Equal Rights Amendment: A Blast from the Past or a Gift for Our Children?

suffrage photoWhen I was a young and naive high school student (back when dinosaurs roamed the earth), I was very excited that the Equal Rights Amendment was, it seemed, well on its way to becoming the law of the land.  After all, how could anyone in the 1970s believe that ensuring that women would have the same rights as men be anything but good common sense?

As a political science major in college a few year later, I came to learn about the power of Phyllis Schlafly and others like her who claimed traditional womanhood and motherhood would be undermined with such a Constitutional amendment (notwithstanding the fact that she and others like her had multiple college degrees and careers,in addition to their marriages and children).  With just a few states to go before the ERA became part of the Constitution, they  ere able to stop it in its tracks.  Since then, conservatives have upped their opposition to the ERA for fear that it could be construed to offer gay marriage protections.

At least one woman on Capitol Hill isn’t afraid to try again.  Today, New York Congresswoman Carolyn Maloney is reintroducing the Equal Rights Amendment.  Maloney believes that with Barack Obama as President, if she can get it to the House floor, the ERA will pass easily.

While that may be true, the rub isn’t with Congress, it’s with the required ratification by 38 states.  Last time, it wasn’t getting the needed votes to approve it in Congress that killed it — it was the work of conservatives like Schlafly that undermined state ratification and made the ERA a minor historical footnote of the women’s movement.  As my friend Linda Lowen points out at her blog, many of us are still smarting from the comments at Sonia Sotomayor hearings or having men put down women who want to take positions of power and ask them to go iron their shirts.  It’s clear from those few examples that women being treated equally in terms of political power is something that needs a little help.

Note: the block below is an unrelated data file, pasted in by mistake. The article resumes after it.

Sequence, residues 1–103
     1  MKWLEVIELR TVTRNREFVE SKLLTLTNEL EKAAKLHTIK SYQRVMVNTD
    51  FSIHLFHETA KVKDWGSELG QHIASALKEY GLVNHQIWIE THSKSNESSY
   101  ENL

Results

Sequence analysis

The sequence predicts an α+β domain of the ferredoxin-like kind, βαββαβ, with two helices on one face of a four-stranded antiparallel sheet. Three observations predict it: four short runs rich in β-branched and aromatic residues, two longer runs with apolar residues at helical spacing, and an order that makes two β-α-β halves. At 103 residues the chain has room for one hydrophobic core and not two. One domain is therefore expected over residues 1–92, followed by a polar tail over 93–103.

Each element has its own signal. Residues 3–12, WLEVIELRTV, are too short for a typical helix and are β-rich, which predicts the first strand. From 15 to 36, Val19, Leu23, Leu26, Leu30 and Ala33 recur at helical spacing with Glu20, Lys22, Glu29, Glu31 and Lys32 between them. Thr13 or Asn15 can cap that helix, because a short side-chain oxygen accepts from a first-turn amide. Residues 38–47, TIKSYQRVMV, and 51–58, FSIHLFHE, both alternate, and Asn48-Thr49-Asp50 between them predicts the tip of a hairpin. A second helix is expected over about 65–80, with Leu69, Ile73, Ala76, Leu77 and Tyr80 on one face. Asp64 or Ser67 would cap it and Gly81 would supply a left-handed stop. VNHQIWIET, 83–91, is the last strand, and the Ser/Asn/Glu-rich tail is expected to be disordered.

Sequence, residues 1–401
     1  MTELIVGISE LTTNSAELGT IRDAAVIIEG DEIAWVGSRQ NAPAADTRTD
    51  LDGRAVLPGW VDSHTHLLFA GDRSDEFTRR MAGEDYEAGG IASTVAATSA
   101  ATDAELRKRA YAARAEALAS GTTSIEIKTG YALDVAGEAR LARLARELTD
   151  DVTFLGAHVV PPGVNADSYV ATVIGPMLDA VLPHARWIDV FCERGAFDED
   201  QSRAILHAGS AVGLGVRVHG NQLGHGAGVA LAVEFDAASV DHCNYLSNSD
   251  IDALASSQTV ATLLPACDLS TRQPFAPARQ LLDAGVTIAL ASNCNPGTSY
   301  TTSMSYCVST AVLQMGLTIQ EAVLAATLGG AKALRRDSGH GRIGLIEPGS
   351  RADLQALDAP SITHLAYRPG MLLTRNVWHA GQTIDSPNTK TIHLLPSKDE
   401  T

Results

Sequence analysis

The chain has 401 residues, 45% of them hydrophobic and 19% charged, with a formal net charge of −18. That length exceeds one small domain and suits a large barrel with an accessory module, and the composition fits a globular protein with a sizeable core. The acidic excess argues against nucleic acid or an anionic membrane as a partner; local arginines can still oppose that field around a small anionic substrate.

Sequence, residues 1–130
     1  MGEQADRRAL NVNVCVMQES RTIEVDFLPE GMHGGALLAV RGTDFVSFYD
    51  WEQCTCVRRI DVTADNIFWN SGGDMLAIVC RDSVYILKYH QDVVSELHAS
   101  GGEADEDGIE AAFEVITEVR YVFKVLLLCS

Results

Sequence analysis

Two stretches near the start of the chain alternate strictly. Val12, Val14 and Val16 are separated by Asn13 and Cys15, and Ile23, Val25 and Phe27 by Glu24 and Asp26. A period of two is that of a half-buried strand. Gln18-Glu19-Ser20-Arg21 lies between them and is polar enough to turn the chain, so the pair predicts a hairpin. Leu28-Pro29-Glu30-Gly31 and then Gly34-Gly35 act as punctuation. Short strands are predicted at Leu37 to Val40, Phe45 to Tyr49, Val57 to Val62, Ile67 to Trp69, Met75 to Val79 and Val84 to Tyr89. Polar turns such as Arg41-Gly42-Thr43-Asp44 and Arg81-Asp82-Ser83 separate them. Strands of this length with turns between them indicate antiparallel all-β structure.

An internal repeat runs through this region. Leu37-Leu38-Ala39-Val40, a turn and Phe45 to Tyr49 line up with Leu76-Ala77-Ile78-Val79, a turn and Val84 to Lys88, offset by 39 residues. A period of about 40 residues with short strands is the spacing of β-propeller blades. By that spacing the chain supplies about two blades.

I know Digitalsista will be at the news conference today, so I can’t wait to hear her reports and see what she has to say on Twitter.

But it’s refreshing to know that at least one woman in Washington, D.C. is trying to look out for us and our daughters.  I’ve been having some interesting conversations with nine-year-old PunditGirl recently, and I know she’s already getting ticked off because boys and girls aren’t completely on equal footing.

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8 Responses to “Equal Rights Amendment: A Blast from the Past or a Gift for Our Children?”

  1. Daisy Says:

    Will the new version of the amendment read the same as it did in the 70s? That is, will it say “Not” or will it be reworded in a more positive and (dare I use the word) affirmative manner? That may make a difference in its perception.

  2. Marion Says:

    Oh, this is welcome news to spread. When my favorite woman died, now 20 years ago, among the treasures I inherited was her ERA pin, a limited-edition from Tiffany of all places, that she wore everywhere, and I wear everywhere. People always ask about it, which always gives me the provocation to tell this the terrible fall of the ERA. Thanks for the new twist. Pin firmly in my lapel, I’m telling a new tale of hope.

  3. Chris Wysocki Says:

    The 14th Amendment already guarantees that all citizens are equal under the law. The ERA is a stalking horse for the chimera of “equal pay for equal work” as well as even more vigorous use of Title IX to completely dismantle men’s sports programs.

  4. Melody Yoder Meyer Says:

    Chris Wysocki you can’t possibly really believe that men’s sports programs were dismantled or even fell apart as a result of Title IX. That sounds like sour grapes not a plausible argument. While the 14th Amendment does guarantee that all citizens are equal under the law That doesn’t mean it is followed. Why else did we need additional legislation passed to guarantee women’s right to vote, the Civil Rights Voting Act, Roe vs Wade, Brown vs the Board of Education, Title IX, the Americans With Disabilities Act, etc. shall I go on?